Novel interactions between Cryptococcus neoformans and macrophages: Intracellular persistence of the yeast leads to phagosomal extrusion, host cell-to-cell spread, and micro-colony formation following extrusion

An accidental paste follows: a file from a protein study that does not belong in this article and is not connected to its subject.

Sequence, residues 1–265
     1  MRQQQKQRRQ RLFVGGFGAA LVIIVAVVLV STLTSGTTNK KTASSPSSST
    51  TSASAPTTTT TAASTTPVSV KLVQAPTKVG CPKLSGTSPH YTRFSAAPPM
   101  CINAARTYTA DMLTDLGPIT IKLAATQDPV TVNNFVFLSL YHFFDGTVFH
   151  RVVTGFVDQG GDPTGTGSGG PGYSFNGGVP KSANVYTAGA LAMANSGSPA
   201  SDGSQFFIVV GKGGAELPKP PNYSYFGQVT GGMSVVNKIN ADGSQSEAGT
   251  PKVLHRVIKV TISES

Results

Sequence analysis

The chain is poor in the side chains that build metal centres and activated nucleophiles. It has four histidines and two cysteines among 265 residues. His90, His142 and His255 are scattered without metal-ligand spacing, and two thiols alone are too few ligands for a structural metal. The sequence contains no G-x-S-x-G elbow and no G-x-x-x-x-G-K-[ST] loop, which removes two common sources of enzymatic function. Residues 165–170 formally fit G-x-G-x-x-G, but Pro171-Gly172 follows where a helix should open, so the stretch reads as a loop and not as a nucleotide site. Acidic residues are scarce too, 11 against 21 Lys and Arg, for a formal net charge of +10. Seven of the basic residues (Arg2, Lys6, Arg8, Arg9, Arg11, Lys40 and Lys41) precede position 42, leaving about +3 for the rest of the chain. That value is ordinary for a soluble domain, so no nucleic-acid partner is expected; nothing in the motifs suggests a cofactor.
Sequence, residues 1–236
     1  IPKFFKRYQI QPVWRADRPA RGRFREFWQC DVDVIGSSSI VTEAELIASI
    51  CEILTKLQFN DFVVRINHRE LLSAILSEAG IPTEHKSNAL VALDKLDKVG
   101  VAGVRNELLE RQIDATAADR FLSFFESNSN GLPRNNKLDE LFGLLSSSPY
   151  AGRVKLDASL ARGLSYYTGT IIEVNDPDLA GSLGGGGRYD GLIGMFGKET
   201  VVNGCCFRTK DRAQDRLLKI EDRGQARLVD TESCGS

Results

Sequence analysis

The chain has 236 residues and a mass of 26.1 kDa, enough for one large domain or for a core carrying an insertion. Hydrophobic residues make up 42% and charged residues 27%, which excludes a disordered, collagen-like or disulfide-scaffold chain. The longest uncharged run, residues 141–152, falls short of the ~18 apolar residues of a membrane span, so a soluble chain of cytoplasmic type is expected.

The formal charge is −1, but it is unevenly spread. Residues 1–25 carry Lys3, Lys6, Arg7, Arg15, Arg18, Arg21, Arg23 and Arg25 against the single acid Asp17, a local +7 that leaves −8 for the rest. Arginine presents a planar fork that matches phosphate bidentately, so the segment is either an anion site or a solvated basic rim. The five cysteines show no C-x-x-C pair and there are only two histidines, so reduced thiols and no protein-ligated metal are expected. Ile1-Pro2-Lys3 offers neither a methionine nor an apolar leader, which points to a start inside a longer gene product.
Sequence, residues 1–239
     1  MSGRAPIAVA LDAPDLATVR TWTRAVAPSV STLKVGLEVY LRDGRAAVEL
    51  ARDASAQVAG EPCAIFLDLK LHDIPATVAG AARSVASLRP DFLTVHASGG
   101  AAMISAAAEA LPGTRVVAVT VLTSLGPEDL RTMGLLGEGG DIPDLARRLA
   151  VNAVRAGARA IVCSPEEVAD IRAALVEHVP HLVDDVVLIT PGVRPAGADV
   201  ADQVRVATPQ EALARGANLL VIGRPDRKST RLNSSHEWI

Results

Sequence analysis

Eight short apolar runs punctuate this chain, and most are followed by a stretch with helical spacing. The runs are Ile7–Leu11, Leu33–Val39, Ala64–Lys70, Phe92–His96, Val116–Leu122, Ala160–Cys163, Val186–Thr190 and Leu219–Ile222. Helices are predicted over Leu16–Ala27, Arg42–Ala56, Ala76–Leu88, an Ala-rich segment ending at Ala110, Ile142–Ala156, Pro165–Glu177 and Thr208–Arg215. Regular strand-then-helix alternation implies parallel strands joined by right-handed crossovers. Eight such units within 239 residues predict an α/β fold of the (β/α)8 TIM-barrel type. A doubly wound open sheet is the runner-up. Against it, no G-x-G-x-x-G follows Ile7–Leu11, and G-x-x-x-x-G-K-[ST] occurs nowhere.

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Cryptococcus neoformans is an encapsulated yeast that is a facultative intracellular pathogen and a frequent cause of human disease in immunocompromised subjects. The interaction of C. neoformans with alveolar macrophages is critical for containing the infection but C. neoformans can also replicate intracellularly and lyse macrophages.;We initiated our studies by closely examining the C. neoformans and host macrophage interaction and found that under certain conditions, including phagosomal maturation, possible actin depolymerization and homotypic phagosome fusion, C. neoformans can exit the macrophage host through the extrusion of the phagosome, while both the released pathogen and host macrophage remain alive and able to propagate. The phenomenon of 'phagosomal extrusion' indicates the existence of a previously unrecognized mechanism whereby a fungal pathogen can escape the intracellular confines of a mammalian host to continue propagation and possibly, to disseminate.;The interaction between macrophages and C. neoformans is critical for containing dissemination of this pathogenic yeast. As previously mentioned, C. neoformans can either lyse macrophages or escape from within them through phagosomal extrusion. Both events result in live extracellular yeasts capable of replicating and disseminating in the extracellular milieu. Another method of exiting the intracellular confines of cells is through host cell-to-cell transfer of the pathogen, and this commonly occurs with the bacteria Listeria monocytogenes and macrophages. In this report we have used time-lapse imaging to determine if this event occurs with C. neoformans. Live imaging of C. neoformans' interactions with murine macrophages revealed cell-to-cell spread of yeast cells from infected donor cells to uninfected cells. Although this phenomenon was relatively rare, its occurrence documents a new capacity for this pathogen to infect adjacent cells without exiting the intracellular space. Cell-to-cell spread appeared to be an actin-dependent process. In addition, we noted that Cryptococcal phagosomal extrusion was followed by the formation of massive vacuoles suggesting that intracellular residence is accompanied by long lasting damage to host cells. This demonstrates that C. neoformans can escape the intracellular confines of macrophages in an actin-dependent manner by cell-to-cell transfer of the yeast leading to infection of adjacent cells. In addition, complete extrusion of internalized C. neoformans cells can lead to the formation of a massive vacuole which may be a sign of damage to the host macrophage.;In another study, we explored the consequences of antibody-mediated phagocytosis for two closely related human pathogenic fungal species, C. neoformans and C. gattii, of which C. neoformans encompasses two varieties: neoformans and grubii. The interaction between C. neoformans varieties grubil and neoformans and host cells has been extensively studied, but that of C. gattii and macrophages remains largely unexplored. Opsonization of C. gattii cells with IgM mAb induced a change in the capsule structure, exposing the CD18 binding sites and promoting ingestion by macrophages through the complement receptor in the absence of complement components. In addition, like C. neoformans, antibody-mediated phagocytosis of C. gattii cells was followed by intracellular replication, host cell cytoplasmic polysaccharide accumulation and phagosomal extrusion. Further, both C. gattii and C. neoformans cells were extruded from and exited macrophages in biofilm-like microcolonies where the yeast cells were aggregated in a polysaccharide matrix that contained bound antibody. In contrast, C. neoformans variety grubii cells that were opsonized with complement were extruded from macrophages as dispersed individual cells. Thus, both antibody- and complement-mediated phagocytosis resulted in intracellular replication but the mode of opsonization affected the outcome of extrusion. The phenomenom of biofilm-like microcolony exit strategy of C. neoformans and C. gattii following antibody opsonization appeared to reduce fungal cell dispersion, suggesting that antibody agglutination effects persist in the phagosome to entangle nascent daughter cells, and contribute to antibody-mediated protection. (Abstract shortened by UMI.).
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